Enabling AWE Memory
    You must specifically enable the use of AWE memory by an instance of SQL Server 2000 Enterprise Edition by using the sp_configure option awe enabled.

    When awe enabled is set to 0, AWE memory is not used, and the instance defaults to using dynamic memory in standard 32-bit virtual address spaces.


    When awe enabled is set to 1, AWE memory is used, and the instance can access up to 8 GB of physical memory on Windows 2000 Advanced Server and 64 GB on Windows 2000 Data Center.
    When an instance of SQL Server 2000 Enterprise Edition is run with awe enabled set to 1:

    The instance does not dynamically manage the size of the address space.


    The instance holds all memory acquired at startup until it is shut down.


    The memory pages for the instance come from the Windows nonpageable pool, meaning that none of the memory of the instance can be swapped out.
    You must carefully manage the memory used by an instance of SQL Server when awe enabled is set to 1. If the instance acquires most of the available physical memory as nonpaged memory, other applications or system processes may not be able to get the memory they need to run. Use the max server memory configuration setting to control how much memory is used by each instance of SQL Server that uses AWE memory. For more information, see Managing AWE Memory on Windows 2000.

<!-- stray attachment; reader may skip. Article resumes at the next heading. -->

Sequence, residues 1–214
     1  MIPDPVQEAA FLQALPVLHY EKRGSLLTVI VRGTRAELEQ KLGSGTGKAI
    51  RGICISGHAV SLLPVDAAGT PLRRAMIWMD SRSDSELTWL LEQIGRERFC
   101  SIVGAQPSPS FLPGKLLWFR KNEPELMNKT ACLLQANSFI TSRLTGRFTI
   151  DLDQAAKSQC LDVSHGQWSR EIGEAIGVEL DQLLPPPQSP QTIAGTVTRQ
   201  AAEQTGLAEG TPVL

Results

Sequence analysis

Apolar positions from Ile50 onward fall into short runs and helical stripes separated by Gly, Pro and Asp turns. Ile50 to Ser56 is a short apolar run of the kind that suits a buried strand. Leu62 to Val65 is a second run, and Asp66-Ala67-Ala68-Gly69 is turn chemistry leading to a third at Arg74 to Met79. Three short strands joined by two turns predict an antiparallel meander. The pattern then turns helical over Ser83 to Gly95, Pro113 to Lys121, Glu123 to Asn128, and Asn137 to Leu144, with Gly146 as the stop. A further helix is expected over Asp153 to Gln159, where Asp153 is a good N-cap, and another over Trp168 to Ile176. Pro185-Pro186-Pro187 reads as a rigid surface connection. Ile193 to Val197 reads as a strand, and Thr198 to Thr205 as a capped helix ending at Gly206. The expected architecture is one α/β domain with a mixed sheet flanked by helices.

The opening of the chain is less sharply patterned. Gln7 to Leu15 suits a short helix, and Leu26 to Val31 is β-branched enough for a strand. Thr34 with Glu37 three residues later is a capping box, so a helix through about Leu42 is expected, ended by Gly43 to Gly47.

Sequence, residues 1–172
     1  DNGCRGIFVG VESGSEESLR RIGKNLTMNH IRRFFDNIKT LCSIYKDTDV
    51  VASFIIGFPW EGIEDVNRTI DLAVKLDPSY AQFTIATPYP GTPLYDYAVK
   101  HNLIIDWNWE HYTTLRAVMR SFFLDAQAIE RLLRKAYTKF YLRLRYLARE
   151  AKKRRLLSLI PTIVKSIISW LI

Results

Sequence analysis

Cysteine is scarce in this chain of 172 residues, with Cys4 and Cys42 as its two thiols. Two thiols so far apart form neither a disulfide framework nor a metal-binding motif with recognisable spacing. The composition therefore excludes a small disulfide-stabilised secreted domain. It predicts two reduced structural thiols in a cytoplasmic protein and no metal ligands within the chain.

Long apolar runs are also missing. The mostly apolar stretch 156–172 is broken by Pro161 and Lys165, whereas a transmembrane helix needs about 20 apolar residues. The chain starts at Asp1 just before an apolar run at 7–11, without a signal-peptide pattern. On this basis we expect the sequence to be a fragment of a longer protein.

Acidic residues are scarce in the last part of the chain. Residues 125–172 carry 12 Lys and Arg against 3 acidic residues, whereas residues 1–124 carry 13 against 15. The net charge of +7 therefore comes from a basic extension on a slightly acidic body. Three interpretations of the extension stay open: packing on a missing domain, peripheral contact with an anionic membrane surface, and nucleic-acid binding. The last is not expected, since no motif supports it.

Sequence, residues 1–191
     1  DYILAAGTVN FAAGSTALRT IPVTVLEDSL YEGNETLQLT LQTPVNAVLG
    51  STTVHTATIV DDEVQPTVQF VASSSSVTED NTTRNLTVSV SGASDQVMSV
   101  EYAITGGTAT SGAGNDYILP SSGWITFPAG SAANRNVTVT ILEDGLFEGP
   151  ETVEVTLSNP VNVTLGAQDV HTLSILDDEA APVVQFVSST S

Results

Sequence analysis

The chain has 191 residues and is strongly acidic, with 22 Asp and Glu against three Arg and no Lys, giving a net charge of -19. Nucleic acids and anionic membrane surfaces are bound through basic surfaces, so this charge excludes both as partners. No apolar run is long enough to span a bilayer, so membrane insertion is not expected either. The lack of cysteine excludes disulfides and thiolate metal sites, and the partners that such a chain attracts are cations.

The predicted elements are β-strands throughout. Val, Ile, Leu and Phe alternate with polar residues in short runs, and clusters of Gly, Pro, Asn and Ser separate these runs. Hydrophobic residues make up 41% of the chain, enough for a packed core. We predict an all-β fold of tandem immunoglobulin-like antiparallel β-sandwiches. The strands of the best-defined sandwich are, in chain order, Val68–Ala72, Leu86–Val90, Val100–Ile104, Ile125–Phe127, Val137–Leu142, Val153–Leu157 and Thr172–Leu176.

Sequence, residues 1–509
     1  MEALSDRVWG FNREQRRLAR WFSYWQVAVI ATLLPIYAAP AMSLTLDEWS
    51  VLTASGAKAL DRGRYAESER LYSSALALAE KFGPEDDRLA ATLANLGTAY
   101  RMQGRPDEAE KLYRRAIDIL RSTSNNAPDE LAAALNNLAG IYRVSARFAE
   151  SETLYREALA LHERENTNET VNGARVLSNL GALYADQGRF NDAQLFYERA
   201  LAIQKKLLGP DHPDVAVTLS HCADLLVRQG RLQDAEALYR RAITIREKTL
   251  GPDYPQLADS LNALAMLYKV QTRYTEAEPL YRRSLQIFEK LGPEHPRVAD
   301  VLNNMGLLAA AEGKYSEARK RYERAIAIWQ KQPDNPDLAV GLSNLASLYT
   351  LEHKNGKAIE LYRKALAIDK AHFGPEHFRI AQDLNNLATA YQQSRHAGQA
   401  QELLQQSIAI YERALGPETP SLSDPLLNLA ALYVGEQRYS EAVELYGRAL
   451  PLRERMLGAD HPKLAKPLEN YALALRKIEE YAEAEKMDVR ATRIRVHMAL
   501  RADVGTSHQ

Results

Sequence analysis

3)See 2)
    4) Yes
    5) Yes

    Luis Martin
    Moderator
    SQL-Server-Performance.com

    One of the symptoms of an approaching nervous breakdown is the belief that one's work is terribly important
    Bertrand Russell


    All postings are provided “AS IS” with no warranties for accuracy.



  5. bertcord New Member

    Ok… so where is the 4GB of memory coming from in my original post.

    If both are correct

    1. AWE is used to access memory over 4GB

    4. a default windows install on a machine with 4GB will allocated 2GB
    to Usermode memory and 2GB to kernel mode memory

    How is SQL using 4GB of memory. I only have 1GB of memory available over 4GB and I have NOT specified the /3GB switch, so this gives me only 2GB of USER mode memory…for a total of 3GB of memory.

    Thanks
    Bert
  6. satya Moderator

    Brad explainedhttp://www.sql-server-performance.com/awe_memory.asp here

    If you are using SQL Server 2000 Standard Edition under Windows NT 4.0 or Windows 2000 (any version), or are running SQL Server 2000 Enterprise Edition under Windows NT 4.0 or Windows 2000 Server, or if your server has 4GB or less of RAM, the "awe enabled" option should always be left to the default value of 0, which means that AWE memory is not being used.

    The AWE (Advanced Windowing Extensions) API allows applications (that are written to use the AWE API) to run under Windows 2000 Advanced Server or Windows 2000 Datacenter Server to access more than 4GB of RAM. SQL Server 2000 Enterprise Edition (not SQL Server 2000 Standard Edition) is AWE-enabled and can take advantage of RAM in a server over 4GB. If the operating system is Windows 2000 Advanced Server, SQL Server 2000 Enterprise Edition can us up to 8GB of RAM. If the operating system is Windows 2000 Datacenter Server, SQL Server 2000 Enterprise can use up to 64GB of RAM.




    Satya SKJ
    Moderator
    http://www.SQL-Server-Performance.Com/forum
    This posting is provided “AS IS” with no rights for the sake of knowledge sharing.